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Their exchanges made clear that the economy will continue to be a pivotal issue as the campaign heads toward the November election.
Kitzhaber, a Democrat seeking a historic fourth term in office, touted his job-creation work and said his policies have helped stabilize the state’s budget. Looking ahead, he said, the state has untapped gold in the form of international trade possibilities.
Then Kitzhaber added this: "We are the most trade-dependent state in the nation."
PolitiFact Oregon decided to check.
We called Christian Gaston, a policy adviser for the governor’s campaign. He was sitting in the front row at the debate and said the claim caught his ear as well. In a subsequent email, Gaston said, "The governor misspoke. He meant to say that Oregon is one of the most trade-dependent states in the nation."
The latter claim is one Kitzhaber has made before, Gaston said. His email included a YouTube link to an interview in December 2013 in which the governor does say "is one of" the most trade-dependent states.
For context, we looked at where Oregon ranks.
"Determining trade dependence is extremely difficult," said Robert Whelan, an economist with ECONorthwest, a Portland-based company that provides economic analyses and professional consulting services to public and private entities. "It’s one area that cannot be absolutely checked."
For instance, Whelan said, Oregon exports about $1.6 billion worth of chemicals a year, much of that in soda ash and potash.
"Most people would see that figure and say, ‘Wow,’" Whelan said, "‘where’s the chemical factory?’ Well, there isn’t any. It’s mined elsewhere, brought in by rail and shipped. But it shows up as an export."
All of the products made at a Boeing plant near Gresham, on the other hand, are hauled to Seattle, where they are finished and shipped. Those are counted as Washington exports, not Oregon.
Still, Whelan said, "there’s no way to say we are the most trade-dependent, but we are certainly one of them."
The value of exports from Oregon to foreign countries this year will be about $19 billion, a figure that ranks 23rd among the 50 states, according to International Trade Association statistics.
A trade study released in 2010 by the Portland Business Alliance ranked Oregon seventh nationally in the share exports hold -- 12 percent -- of the state’s economy. A more recent study prepared for the same group indicates that nearly 80,000 jobs in Oregon are directly tied to exporting goods and services, with one in four manufacturing jobs in the state being export-related.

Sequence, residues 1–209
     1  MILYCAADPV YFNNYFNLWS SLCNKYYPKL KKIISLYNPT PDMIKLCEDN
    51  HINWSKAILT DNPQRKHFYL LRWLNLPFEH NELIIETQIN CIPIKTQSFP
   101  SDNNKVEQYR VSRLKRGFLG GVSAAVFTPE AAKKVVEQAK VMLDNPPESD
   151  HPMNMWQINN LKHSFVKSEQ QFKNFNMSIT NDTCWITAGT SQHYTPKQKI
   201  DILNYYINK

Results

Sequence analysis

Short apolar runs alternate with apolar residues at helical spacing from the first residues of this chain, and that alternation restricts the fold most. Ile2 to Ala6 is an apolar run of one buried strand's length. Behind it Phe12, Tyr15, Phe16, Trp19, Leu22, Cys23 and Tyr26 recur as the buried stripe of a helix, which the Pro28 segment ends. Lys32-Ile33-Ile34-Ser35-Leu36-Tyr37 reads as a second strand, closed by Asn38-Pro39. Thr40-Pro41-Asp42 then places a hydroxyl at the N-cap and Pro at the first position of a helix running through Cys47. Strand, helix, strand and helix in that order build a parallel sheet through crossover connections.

Those same numbers are far larger in states that dwarf Oregon in terms of population. But according to the Portland Business Alliance’s study, Oregon exports ranked seventh on a per capita basis in 2013.
Gov. John Kitzhaber, in a debate with Republican challenger Dennis Richardson, claimed that Oregon is "the most trade-dependent state in the nation."
A spokesman said Kitzhaber has previously said that Oregon "is one of" the most trade-dependent states in the U.S. If he had said that, we would have reached a different ruling.
As it is, we find Kitzhaber’s claim False.
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Emails from Christian Gaston, policy advisor, Kitzhaber for Governor campaign, July 24/25, 2014.
Telephone interview with Robert Whelan, economist, ECONorthwest, July 24, 2014.
Debate, Gov. John Kitzhaber and Rep. Dennis Richardson, R-Central Point, July 18, 2014.
Trade Partnership Report, "Today More than Ever: Oregon and Portland/Vancouver Depend on International Trade and Investment," The Trade Partnership, Washington D.C., Sept. 2013.
Trade Partnership Report: "International Trade: A Driver of Output and Employment in Oregon and Portland/Vancouver," Dec. 2010.
Business Roundtable Report, "How Oregon’s Economy Benefits From International Trade and Investment."
National Association of Manufacturers, "Oregon Manufacturing Facts,"
Brookings Institution, "Export Nation 2013," Sept. 17, 2013.
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